Early Governments and the Constitution of 1956

 

Early Governments and the Constitution of 1956

The first government of
Unstable Parliamentary Democracy
 East Pakistan. He formed a coalition cabinet that included the Awami League and the Republican Party of the West Wing, a new party that was formed by dissident members of the Muslim League. However, President Mirza forced Suhrawardy to resign after he discovered that the prime minister was planning to support Firoz Khan Noon, leader of the Republican Party, for the presidency in the country’s first general elections, scheduled for January 1959. The succeeding coalition government, headed by Ismail Ibrahim Chundrigar of the Muslim League, lasted only two months before it was replaced by a Republican Party cabinet under .

President Mirza, realizing he had no chance of being reelected president and openly dissatisfied with parliamentary democracy, proclaimed martial law on
October 7, 1958. He dismissed ’s government, dissolved the National Assembly, and canceled the scheduled general elections. Mirza was supported by General Muhammad Ayub Khan, commander in chief of the army, who was named chief martial-law administrator. Twenty days later Ayub forced the president to resign and assumed the presidency himself.

The new charter notwithstanding, political instability continued because no stable majority party emerged in the National Assembly. Prime Minister Ali remained in office only until September 1956, when he was unable to retain his majority in the National Assembly and was succeeded by Hussain Shaheed Suhrawardy, founder of the Awami League of
Pakistan was headed by Prime Minister Liaquat Ali Khan and it chose the seaport of Karāchi as its capital. Jinnah, considered the founder of Pakistan and hailed as the Quaid-i-Azam (Great Leader), became head of state as governor-general. The government faced many challenges in setting up new economic, judicial, and political structures. It endeavored to organize the bureaucracy and the armed forces, resettle the Mohajirs (Muslim refugees from India), and establish the distribution and balance of power in the provincial and central governments. Undermining these efforts were provincial politicians who often defied the authority of the central government, and frequent communal riots. Before the government could surmount these difficulties, Jinnah died in September 1948.

In foreign policy, Liaquat established friendly relations with the
United States when he visited President Harry S. Truman in 1950. Pakistan’s early foreign policy was one of nonalignment, with no formal commitment to either the United States or the Union of Soviet Socialist Republics (USSR), the two major adversaries in the Cold War. In 1953, however, Pakistan aligned itself with the United States and accepted military and economic assistance.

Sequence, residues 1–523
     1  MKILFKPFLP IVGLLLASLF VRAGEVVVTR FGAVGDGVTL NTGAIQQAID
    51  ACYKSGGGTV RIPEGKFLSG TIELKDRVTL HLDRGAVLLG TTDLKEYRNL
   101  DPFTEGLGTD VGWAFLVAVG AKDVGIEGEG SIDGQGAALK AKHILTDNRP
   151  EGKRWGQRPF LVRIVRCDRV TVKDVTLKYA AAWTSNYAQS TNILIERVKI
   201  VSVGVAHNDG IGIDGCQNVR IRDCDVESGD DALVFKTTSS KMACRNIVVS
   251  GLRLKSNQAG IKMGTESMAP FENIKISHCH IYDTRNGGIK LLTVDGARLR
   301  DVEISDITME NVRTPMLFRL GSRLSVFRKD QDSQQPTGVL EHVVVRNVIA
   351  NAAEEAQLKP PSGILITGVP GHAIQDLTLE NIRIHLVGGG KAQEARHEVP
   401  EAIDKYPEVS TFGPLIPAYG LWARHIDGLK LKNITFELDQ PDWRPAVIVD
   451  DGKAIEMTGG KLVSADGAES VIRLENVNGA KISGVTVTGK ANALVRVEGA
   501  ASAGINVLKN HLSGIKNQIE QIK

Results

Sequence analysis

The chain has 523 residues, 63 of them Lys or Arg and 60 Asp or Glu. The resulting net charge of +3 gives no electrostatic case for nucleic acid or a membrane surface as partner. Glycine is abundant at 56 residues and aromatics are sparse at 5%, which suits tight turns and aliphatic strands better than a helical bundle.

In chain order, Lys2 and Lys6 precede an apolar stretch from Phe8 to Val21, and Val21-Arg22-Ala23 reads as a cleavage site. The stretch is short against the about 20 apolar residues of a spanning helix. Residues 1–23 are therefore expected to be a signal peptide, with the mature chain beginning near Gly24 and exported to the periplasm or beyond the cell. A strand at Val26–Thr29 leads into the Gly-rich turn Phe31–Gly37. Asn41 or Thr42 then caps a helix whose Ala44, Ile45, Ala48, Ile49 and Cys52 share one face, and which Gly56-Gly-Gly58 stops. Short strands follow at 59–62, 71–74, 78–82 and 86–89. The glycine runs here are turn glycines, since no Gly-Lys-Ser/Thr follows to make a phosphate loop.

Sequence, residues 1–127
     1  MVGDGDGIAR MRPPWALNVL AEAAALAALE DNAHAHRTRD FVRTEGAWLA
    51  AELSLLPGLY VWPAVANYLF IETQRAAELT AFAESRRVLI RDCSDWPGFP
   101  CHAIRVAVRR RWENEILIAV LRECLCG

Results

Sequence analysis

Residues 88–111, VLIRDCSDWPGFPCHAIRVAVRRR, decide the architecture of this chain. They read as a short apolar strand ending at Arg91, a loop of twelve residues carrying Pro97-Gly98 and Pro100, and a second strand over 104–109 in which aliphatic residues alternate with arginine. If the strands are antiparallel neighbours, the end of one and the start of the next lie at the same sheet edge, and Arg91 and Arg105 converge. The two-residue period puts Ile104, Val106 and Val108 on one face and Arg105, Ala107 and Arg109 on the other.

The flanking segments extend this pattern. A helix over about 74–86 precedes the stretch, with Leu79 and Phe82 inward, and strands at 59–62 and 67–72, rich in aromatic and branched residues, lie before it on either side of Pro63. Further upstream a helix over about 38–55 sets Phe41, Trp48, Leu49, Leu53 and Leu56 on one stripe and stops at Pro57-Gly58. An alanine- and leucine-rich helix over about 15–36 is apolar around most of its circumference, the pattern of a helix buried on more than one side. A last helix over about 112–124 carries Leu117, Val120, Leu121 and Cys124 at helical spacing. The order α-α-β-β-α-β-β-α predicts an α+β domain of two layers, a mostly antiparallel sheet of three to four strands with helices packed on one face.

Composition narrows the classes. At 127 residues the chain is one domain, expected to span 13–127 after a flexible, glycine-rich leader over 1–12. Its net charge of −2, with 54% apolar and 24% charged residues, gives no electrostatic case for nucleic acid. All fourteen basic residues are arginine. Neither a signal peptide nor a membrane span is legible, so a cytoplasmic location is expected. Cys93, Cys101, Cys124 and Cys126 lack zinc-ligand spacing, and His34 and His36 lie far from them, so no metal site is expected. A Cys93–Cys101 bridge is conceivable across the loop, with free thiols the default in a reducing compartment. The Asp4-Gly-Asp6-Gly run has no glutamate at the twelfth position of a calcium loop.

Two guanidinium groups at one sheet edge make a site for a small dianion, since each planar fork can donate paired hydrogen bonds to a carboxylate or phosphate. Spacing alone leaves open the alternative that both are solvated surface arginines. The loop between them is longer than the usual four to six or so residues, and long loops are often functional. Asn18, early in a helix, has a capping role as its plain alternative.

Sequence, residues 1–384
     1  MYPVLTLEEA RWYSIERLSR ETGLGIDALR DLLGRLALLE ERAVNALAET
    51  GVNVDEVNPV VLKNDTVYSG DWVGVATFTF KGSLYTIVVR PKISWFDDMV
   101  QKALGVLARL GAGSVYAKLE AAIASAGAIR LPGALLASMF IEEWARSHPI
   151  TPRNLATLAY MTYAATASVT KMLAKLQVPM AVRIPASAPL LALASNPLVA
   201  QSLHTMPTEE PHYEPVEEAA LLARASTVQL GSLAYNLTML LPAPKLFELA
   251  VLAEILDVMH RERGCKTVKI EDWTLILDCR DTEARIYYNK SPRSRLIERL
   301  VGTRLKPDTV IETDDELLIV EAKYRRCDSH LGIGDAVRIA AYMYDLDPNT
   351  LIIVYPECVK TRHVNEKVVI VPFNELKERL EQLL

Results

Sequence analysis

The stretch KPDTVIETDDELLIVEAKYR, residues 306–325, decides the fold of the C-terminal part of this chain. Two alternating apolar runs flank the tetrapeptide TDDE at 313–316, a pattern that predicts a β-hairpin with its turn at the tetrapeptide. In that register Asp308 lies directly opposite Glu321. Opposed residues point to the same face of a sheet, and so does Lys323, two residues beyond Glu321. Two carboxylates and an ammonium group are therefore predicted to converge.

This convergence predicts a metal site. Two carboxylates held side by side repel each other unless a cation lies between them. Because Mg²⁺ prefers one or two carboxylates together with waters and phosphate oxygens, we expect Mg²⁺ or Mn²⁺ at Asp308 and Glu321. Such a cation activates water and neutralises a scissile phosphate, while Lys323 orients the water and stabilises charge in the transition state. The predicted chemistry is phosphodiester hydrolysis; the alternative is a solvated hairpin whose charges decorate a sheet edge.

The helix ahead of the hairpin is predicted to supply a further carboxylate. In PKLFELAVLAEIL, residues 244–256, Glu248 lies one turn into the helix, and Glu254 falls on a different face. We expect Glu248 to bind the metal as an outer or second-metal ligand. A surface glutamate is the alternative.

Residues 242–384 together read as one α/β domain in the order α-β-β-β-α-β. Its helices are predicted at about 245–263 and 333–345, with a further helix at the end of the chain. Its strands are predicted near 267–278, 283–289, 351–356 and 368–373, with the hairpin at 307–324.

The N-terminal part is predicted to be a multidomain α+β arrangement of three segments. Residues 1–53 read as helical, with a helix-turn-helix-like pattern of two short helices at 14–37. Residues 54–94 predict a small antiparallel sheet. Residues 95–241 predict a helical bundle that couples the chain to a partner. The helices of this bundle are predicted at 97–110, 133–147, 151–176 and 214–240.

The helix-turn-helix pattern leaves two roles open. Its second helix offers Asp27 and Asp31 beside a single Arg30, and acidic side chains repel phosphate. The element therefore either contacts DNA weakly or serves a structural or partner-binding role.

Liaquat was assassinated in 1951. Khwaja Nazimuddin, an East Pakistani who had succeeded Jinnah as governor-general, became prime minister. Ghulam Muhammad became governor-general. Nazimuddin attempted to limit the powers of the governor-general through amendments to the Government of India Act of 1935, under which
Pakistan was governed pending the adoption of a constitution. Ghulam Muhammad dismissed Nazimuddin and replaced him with Muhammad Ali Bogra, Pakistan’s ambassador to the United States, who subsequently was elected president of the Muslim League.

In the 1954 provincial elections in
East Pakistan, the Muslim League was routed by the United Front coalition, which supported provincial autonomy. The coalition was dominated by the Awami League. However, Ghulam Muhammad imposed governor’s rule in the province, preventing the United Front from taking power in the provincial legislature. After the constituent assembly attempted to curb the governor-general’s power, Ghulam Muhammad declared a state of emergency and dissolved the assembly. A new constituent assembly was indirectly elected in mid-1955 by the various provincial legislatures. The Muslim League, although still the largest party, was no longer dominant as more parties, including those of the United Front coalition, gained representation. Bogra, who had little support in the new assembly, was replaced by Chaudhri Muhammad Ali, a former civil servant in West Pakistan and a member of the Muslim League. At the same time, General Iskander Mirza became governor-general.

The new constituent assembly enacted a bill, which became effective in October 1955, integrating the four West Pakistani provinces into one political and administrative unit, known as the One Unit. This change was designed to give
West Pakistan parity with the more populous East Pakistan in the national legislature. The assembly also produced Pakistan’s first constitution, which was adopted on March 2, 1956. It provided for a unicameral (single-chamber) National Assembly with 300 seats, evenly divided between East and West Pakistan. It also officially designated Pakistan an Islamic republic. According to its provisions, Mirza’s title changed from governor-general to president

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